Prof. Bryan Caplan

bcaplan@gmu.edu

http://www3.gmu.edu/departments/economics/bcaplan

Econ 311

Fall, 1999

1. For each of the following cases, draw TWO graphs: one showing the effect in an AD-AS diagram, the other showing the effect in a money supply-money demand diagram.
1. The government increases the money supply.
2. AD increases; Money S increases.

3. The government deregulates the supply of money substitutes.
4. AD increases; Money D decreases.

5. Wallets go out of fashion; men just carry around a small money clip instead.
6. AD increases; Money D decreases.

7. A ban on ATM fees leads banks to set up fewer convenient ATM machines.
8. AD decreases; Money D increases.

9. Rumors of bad banks lead people to withdraw their money from banks.
10. AD decreases; Money D increases.

11. The government raises reserve requirements.

1. Draw two diagrams - one with real interest rates on the y-axis, the other with nominal interest rates on the y-axis. Assume that people initially expect 0% inflation. Then show the effect - on both diagrams - of an increase in inflation expectations to 5%. Note that this means that for each quantity of loanable funds, the nominal interest rate suppliers require is 5 percentage-points higher, while demanders are willing to pay 5 percentage-points more. (You should use graph paper to do this problem so it works out right).
2. On the diagram with real interest rates on the y-axis, nothing changes. On the diagram with nominal interest rates on the y-axis, supply of loanable funds decreases (lenders require 5 percentage-points extra interest to lend the same amount), and demand for loanable funds increases (borrowers are willing to pay 5 percentage-points of extra interest to borrow the same amount).

3. Suppose the government began paying interest on base money (by, for example, replacing paper money with government-issued smart cards that automatically calculate interest). Show the effect using a money supply-money demand diagram. If this happened, would interest rate changes still affect money demand? Why or why not? (2-3 sentences)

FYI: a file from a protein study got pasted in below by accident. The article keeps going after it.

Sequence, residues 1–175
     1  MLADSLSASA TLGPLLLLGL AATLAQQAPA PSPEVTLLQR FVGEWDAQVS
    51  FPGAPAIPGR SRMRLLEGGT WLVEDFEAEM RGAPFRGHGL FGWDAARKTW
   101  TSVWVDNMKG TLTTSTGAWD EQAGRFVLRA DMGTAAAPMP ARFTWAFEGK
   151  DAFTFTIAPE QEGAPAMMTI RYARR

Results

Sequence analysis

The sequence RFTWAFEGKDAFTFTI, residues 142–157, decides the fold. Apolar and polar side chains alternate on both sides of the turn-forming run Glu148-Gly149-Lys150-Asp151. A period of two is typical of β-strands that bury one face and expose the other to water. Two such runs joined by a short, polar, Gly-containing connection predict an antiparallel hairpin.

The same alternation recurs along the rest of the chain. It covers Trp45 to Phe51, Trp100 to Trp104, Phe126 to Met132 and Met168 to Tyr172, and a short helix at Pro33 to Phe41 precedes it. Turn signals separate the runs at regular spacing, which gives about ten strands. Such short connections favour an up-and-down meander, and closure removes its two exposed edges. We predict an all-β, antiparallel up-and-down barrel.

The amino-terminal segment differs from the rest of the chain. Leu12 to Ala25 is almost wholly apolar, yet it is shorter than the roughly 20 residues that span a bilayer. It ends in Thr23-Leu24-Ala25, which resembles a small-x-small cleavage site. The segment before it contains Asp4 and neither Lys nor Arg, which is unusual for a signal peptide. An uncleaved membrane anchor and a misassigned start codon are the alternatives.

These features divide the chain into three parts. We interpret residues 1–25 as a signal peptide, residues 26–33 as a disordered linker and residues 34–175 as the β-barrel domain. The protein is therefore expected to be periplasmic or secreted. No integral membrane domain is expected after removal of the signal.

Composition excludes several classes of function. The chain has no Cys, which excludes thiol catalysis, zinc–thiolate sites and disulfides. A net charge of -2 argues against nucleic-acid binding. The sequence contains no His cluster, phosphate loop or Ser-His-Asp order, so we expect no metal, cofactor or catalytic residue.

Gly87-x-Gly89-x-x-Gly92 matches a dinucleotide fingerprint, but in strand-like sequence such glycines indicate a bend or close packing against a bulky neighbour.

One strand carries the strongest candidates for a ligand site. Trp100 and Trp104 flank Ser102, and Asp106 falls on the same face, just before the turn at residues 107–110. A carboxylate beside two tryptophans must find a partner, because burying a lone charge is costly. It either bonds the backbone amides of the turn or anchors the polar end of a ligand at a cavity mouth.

4. Money D increases. If this happened, interest rate changes would no longer affect money demand IF changed in the government's interest rate matched changes in the market for loanable funds.

5. Explain the effect of post-socialist money creation on: the money supply, the value of money, the price level, inflation, and nominal interest rates. (1 paragraph)
6. The money supply greatly increased, often by over 1000%/year. The value of money declined, and therefore the price level increases. Inflation increased as well, since the money supply was growing at a higher rate. Nominal interest rates - where unrelated - rose to take account of expected inflation.

7. Using AD-AS diagrams, show the effect of the following:
1. The government raises taxes and spends the money on an unproductive program (leaf-raking).
2. AS decreases.

3. The government borrows and spends the money opening up government restaurants (which are less efficient than privately-run restaurants).
4. AS decreases - though not as much as if it were pure waste..

5. The government prints up new money to pay Social Security recipients.
6. AD increases due to the increase in the money supply. AS is unaffected since this is just a transfer.

7. The government shuts down the (unproductive) Bureau of Leaf-Raking and uses the savings to build new (productive) roads.
8. AS increases.

9. Former socialist countries privatize half of government enterprises.
10. AS increases.

11. The government makes safety regulations stricter.

AS decreases.

8. Using two supply-and-demand for loanable funds diagrams, contrast the effect of deficit and tax finance of government expenditure.
9. For deficit spending, demand for loanable funds definitely increases - the government becomes willing to borrow more at existing interest rates. For tax-funded spending, demand for loanable funds either (both answers accepted): stays the same (if no one borrows more to make up for higher taxes), or increases by less than for deficit spending (if people borrow to partially make up for higher taxes).

10. Pick one of the 12 examples in Bastiat's essay "What Is Seen and What Is Not Seen." What effects does Bastiat say "are seen." What effects does Bastiat say "are not seen"? (1 paragraph)
11. One example Bastiat examines is taxation. The "seen" effects are the services the government provides, plus the employment it gives to government workers, subcontractors, etc. The "unseen" effects are what could have been done with the tax money instead: it could have been spent by consumers on items they actually wanted, which would also have provided employment to workers, subcontractors, etc.

12. Find a modern policy similar to the example you picked in VII. What effects "are seen" by people today? What effects "are not seen"? How does this confusion make bad policy popular? (1 paragraph)

Lawsuits provide a similar modern example. The "seen" effects of lawsuits are the money transferred to victims, real and fake. The "unseen" effects are higher prices for products, reduced incentives to exercise due care, reduced incentives to innovate, diversion of smart people into litigation, etc. This confusion leads voters to like rather than dislike politicians who harm them by making it easy to sue people; the result is that politicians supply the wealth-destroying policies the electorate confusedly favors.